WinnCompanies Completes 18th Adaptive Reuse Project

WinnCompanies’ real estate component, WinnDevelopment, has announced the completion of its adaptive reuse project, Voke Lofts, located at 34 Grove Street in Worcester, Mass.

From left to right: Gilbert Winn, Managing Principal of WinnCompanies; Aaron Gornstein, Undersecretary of the Department of Housing and Urban Development; Congressman Jim McGovern; David Leopold, SVP, Tax Credit Equity Executive, Bank of America Merrill Lynch; MassHousing Executive Director Thomas R. Gleason; Worcester City Councilor Phillip Palmieri; Worcester City Manager Edward M. Augustus, Jr.; Michael O’Brien, Executive Vice President, WinnCompanies. Image by Erb Photography.

Boston—WinnCompanies’ real estate component, WinnDevelopment, has announced the completion of its adaptive reuse project, Voke Lofts, located at 34 Grove Street in Worcester, Mass. A ribbon cutting ceremony was held on June 30th to mark the completion of the project at the former Worcester Vocational Technical School building and to celebrate WinnCompanies’ 18th successful adaptive reuse project.

The ceremony was attended by public figures including U.S. Rep. Jim McGovern, D-Mass., Worcester City Councilor Phillip Palmieri, City Manager Edward m. Augustus, Jr. and several others.

“This is a great day for Winn and the City of Worcester,” says Gilbert Winn, managing principal of WinnCompanies. “The school is an important part of Worcester’s past and we’re honored to preserve the character of the building in its latest incarnation, which brings much needed quality housing to the city.”

Voke Lofts will be the lone housing component in Worcester’s Gateway Park Master Plan—an innovative redevelopment of the 55-acre brownfield district that has been facilitated by a partnership between Worcester Polytechnic Institute (WPI) and the Worcester Business Development Corporation (WBDC).

“The Voke Lofts project is a shining example of the positive things that can happen when government and the private sector work together to address community challenges,” says McGovern. “This major investment will transform a brownfield site and rundown school facility into a vibrant mixed-use community right in the heart of downtown Worcester.”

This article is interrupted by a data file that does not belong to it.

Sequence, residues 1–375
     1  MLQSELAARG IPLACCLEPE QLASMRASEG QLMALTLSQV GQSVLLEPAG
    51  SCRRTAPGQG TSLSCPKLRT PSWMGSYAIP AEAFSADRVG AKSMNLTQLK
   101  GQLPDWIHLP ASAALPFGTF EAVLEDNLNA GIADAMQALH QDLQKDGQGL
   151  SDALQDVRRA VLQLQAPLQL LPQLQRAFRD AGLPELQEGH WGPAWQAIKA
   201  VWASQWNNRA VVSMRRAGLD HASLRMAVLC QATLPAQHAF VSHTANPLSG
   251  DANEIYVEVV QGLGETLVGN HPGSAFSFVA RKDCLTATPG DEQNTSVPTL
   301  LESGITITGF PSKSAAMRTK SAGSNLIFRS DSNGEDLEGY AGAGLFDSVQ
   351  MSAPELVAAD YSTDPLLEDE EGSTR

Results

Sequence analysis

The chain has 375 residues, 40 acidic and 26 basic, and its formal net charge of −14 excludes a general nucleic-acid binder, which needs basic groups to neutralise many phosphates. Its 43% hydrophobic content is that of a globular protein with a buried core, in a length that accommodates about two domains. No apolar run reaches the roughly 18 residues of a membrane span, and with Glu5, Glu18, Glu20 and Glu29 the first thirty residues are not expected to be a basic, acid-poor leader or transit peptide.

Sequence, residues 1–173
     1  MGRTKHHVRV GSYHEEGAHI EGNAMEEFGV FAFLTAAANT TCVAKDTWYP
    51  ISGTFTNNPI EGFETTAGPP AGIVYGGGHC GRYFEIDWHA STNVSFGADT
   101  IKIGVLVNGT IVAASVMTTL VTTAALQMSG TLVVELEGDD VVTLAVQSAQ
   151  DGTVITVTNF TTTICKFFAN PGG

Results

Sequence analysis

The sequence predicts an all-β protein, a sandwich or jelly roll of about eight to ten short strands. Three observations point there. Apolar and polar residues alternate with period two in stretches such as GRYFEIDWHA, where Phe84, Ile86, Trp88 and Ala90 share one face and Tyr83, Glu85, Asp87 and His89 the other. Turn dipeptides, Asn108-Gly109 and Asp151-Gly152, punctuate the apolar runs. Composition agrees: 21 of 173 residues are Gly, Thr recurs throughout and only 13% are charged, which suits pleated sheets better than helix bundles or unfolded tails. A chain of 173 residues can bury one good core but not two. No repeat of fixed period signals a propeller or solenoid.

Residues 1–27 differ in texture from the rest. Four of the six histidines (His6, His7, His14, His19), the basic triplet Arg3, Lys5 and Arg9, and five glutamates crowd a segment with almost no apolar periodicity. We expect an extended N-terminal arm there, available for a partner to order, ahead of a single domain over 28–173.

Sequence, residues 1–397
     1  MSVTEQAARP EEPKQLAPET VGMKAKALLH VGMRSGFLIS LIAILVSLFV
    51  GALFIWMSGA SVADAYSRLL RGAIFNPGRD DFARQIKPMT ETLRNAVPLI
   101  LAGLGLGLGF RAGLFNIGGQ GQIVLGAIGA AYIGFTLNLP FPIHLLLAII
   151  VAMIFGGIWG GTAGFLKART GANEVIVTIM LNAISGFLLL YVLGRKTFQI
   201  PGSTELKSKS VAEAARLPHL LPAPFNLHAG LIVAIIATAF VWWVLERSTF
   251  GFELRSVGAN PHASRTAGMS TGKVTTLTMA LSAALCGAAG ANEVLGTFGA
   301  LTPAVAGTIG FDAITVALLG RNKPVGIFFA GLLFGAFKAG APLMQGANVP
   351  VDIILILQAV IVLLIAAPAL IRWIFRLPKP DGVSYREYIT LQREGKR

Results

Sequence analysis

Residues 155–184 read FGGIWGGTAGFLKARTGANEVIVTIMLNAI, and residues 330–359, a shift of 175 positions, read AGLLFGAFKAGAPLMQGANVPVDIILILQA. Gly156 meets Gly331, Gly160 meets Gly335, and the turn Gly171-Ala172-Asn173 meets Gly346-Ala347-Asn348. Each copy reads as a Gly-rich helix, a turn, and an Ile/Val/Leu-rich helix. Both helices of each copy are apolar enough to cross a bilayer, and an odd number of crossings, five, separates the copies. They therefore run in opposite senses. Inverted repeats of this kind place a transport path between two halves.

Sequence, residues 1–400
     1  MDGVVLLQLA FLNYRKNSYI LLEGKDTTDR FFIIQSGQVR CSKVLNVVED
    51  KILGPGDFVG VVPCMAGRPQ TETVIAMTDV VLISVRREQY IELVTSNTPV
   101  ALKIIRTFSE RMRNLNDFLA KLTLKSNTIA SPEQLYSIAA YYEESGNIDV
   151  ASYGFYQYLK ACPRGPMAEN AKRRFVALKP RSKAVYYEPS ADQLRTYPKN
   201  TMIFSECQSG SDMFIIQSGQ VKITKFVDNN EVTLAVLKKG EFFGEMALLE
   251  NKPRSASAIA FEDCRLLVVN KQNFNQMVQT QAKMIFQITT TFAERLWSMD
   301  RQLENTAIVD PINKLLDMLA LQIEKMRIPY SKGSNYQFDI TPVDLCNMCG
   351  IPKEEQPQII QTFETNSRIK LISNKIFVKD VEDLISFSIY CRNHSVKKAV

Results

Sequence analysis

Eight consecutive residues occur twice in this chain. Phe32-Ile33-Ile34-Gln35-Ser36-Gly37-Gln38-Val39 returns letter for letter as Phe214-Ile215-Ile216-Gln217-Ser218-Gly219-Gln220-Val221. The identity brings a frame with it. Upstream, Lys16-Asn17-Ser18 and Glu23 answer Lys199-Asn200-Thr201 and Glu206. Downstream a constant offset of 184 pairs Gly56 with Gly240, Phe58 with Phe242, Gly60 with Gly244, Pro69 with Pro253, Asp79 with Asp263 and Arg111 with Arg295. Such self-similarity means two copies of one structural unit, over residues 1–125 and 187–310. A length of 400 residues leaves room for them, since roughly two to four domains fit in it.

The 84 units at Voke Lofts, an 116,306-square-foot structure, will be divided up between affordable and market-rate leases, with the affordable component being restricted to households with incomes between 30 and 60 percent of the area’s median household income. Market rate units are currently 70 percent leased and the income-restricted units were filled via lottery.

Floor plans at the building include a spread of 50 one-bedroom units, 31 two-bedroom units, and three three-bedroom units. Each unit features exposed brick as well as open ceilings and beams equipped with track lighting, gourmet kitchens, designer bathrooms, individual air conditioning within the units as well as Energy Star appliances.

Amenities and services at the community include an on-site management office, a community room with kitchen, a computer learning center, a children’s play area, a fitness center and ample bike storage. Additionally, Voke Lofts will include an art gallery that will feature work from Worcester Technical High School as well as older works from the school’s past.

Renovation efforts, which helped to create 230 construction jobs in the Worcester area, include sustainable features that WinnDevelopment hopes will help the building garner LEED certification at some point.

“With the support of our state and local government, the historic Worcester Vocational Technical School became a mixed-income residential building with an array of amenities to support a strong quality of life,” says Worcester Mayor Joseph M. Petty. “This is the kind of project our city needs. Not only did it create new construction jobs to help contribute to the local economy, it also provides residents with an affordable new housing option as part of the City of Worcester’s Gateway Park Master Plan. I highly applaud and encourage these companies for their commitment to the development of their city and their desire to improve its quality.”